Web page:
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Twenty years of Mercedes-Benz SLR McLaren: a unique reunion

August 14, 2023

Mercedes-Benz and McLaren

Without McLaren, there would never have been a Mercedes-Benz SLR McLaren. The supercar emerged from the Formula One collaboration of Mercedes-Benz and McLaren. The SLR McLaren was developed by both parties, but ultimately production took place at McLaren. McLaren recognizes not only the car, but also the people who brought it to life, many of whom still work at McLaren.

Four special specimens

To celebrate 20 years of the SLR McLaren, four versions of the model came to Woking: an SLR Stirling Moss, an SLR from MSO, an SLR HDK and the SLR 722 GT Prototype. The foursome was on display at MTC Boulevard, alongside items from the car’s development story.

SLR Club

A visit to MTC by the SLR Club – an international group of Mercedes-Benz SLR McLaren owners – added even more color to the events, with the enthusiasts meeting some of the McLaren team working on the project.

Project 7

The Mercedes-Benz SLR McLaren project was announced at the 1999 British Grand Prix at Silverstone, with confirmation that McLaren would collaborate with Mercedes-Benz to bring to life the Mercedes-Benz SLR Vision Concept – shown earlier that year at the Detroit Auto Show. The car was developed under the name “Project 7.

McLaren and Mercedes-Benz were partners in Formula One between 1995 and 2009, during which McLaren won four F1 world championships (constructors’ champion in 1998, drivers’ champion in 1998, 1999 and 2008). In the Mercedes-Benz SLR McLaren – as in the F1 car – McLaren chassis development and carbon fiber technology is combined with Mercedes engine power.

The first Project 7 prototype was built by a team of ex-Formula 1 McLaren mechanics who then teamed up with automotive engineers to form the core team that would put the car into production. The SLR McLaren was the first car to be assembled by hand at the then newly opened MTC.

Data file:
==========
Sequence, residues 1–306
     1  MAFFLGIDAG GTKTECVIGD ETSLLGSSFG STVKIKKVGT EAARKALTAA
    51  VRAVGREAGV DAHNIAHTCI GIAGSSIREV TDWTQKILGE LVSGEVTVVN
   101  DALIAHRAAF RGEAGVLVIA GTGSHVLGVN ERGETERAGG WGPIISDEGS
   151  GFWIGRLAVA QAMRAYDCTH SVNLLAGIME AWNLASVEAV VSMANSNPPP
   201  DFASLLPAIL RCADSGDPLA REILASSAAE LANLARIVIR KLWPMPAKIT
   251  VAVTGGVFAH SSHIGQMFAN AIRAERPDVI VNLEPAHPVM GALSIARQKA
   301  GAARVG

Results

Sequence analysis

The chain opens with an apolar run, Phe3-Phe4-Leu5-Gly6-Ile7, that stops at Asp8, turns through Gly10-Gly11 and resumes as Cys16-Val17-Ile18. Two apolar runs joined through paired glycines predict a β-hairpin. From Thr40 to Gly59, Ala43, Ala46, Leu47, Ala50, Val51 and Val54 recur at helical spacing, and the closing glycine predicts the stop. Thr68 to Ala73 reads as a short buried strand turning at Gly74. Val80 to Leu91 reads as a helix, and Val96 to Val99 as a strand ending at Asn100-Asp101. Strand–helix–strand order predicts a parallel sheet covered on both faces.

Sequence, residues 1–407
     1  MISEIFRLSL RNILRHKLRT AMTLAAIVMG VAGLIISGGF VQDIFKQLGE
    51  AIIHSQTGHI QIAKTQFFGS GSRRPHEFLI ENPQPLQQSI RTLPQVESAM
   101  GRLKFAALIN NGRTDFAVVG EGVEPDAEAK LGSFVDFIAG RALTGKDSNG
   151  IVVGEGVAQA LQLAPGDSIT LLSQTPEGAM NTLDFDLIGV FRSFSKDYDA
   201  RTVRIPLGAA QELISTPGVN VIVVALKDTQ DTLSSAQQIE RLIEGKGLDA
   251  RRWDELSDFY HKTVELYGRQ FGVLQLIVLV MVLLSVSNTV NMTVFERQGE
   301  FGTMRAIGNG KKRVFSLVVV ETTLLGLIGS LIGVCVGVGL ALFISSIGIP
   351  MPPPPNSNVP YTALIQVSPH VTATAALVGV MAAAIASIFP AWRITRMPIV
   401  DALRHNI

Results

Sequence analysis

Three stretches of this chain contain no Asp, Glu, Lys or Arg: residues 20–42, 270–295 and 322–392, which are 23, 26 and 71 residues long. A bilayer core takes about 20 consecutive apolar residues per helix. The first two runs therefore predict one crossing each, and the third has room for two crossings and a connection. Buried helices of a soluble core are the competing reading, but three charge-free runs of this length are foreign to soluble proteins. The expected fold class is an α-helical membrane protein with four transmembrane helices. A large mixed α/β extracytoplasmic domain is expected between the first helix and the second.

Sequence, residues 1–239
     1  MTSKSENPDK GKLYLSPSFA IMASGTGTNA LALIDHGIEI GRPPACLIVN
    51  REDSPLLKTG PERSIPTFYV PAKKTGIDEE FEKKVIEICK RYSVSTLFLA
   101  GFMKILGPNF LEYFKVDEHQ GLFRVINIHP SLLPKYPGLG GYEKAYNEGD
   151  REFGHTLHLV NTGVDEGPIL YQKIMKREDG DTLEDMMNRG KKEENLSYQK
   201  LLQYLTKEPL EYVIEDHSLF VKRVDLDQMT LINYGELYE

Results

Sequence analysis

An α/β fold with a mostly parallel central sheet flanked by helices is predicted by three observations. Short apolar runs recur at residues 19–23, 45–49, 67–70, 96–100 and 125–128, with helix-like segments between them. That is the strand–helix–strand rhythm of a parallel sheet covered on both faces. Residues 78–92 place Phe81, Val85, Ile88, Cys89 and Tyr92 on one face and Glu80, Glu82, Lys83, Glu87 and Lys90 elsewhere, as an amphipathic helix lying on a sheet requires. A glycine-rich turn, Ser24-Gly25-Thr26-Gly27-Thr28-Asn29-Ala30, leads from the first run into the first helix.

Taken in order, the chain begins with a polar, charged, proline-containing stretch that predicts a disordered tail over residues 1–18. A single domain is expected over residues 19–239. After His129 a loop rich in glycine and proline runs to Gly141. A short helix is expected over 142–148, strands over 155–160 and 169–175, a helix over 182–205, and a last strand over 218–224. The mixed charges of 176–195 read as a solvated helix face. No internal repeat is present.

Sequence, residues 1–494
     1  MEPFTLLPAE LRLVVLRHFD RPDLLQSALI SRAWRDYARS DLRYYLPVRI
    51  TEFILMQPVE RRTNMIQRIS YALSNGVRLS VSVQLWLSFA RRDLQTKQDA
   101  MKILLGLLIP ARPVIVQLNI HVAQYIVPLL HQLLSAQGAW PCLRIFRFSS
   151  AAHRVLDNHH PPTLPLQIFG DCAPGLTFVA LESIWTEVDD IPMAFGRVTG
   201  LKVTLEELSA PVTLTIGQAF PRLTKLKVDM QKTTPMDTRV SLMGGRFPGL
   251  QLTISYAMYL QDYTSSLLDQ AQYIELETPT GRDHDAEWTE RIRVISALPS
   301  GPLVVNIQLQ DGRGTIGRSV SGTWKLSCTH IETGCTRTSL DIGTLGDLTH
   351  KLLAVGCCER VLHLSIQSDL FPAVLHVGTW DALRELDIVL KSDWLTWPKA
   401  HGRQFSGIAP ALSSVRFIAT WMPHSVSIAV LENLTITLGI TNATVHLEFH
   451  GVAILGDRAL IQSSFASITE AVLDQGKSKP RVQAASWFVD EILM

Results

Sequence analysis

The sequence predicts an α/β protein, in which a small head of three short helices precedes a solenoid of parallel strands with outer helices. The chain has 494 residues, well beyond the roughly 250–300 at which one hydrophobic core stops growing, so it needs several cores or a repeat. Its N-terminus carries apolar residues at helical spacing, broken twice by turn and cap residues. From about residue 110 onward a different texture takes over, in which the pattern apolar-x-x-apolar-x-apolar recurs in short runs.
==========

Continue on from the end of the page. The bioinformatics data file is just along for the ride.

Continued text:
Performance Mercedes-Benz SLR McLaren

The Mercedes-Benz SLR McLaren uses a 5.5-liter supercharged V8 developed by Mercedes-AMG and placed in the middle of the car, just below the dashboard. The eight-pitter has an output of 626 hp and a whopping 780 Nm of torque. A five-speed automatic transmission drives only the rear wheels, good for 0-100 km/h acceleration in 3.8 seconds and a top speed of 325 km/h.

McLaren Edition SLR

Production of the SLR McLaren ended in December 2009, but that did not end McLaren’s involvement with the car. In 2010, the McLaren Edition SLR was conceived: an enhancement package for the Mercedes-Benz SLR McLaren, developed based on feedback from SLR owners. This package was developed by McLaren Special Operations (MSO), which had just opened at the time. This version of the SLR, limited to only 25 examples, had major body modifications with the adoption of a new, aerodynamically shaped front skirt with a larger front splitter, new side intakes, a larger rear wing and a revised rear diffuser, as well as lighter wheels. In addition to the changes, McLaren Special Operations revised the suspension and power steering.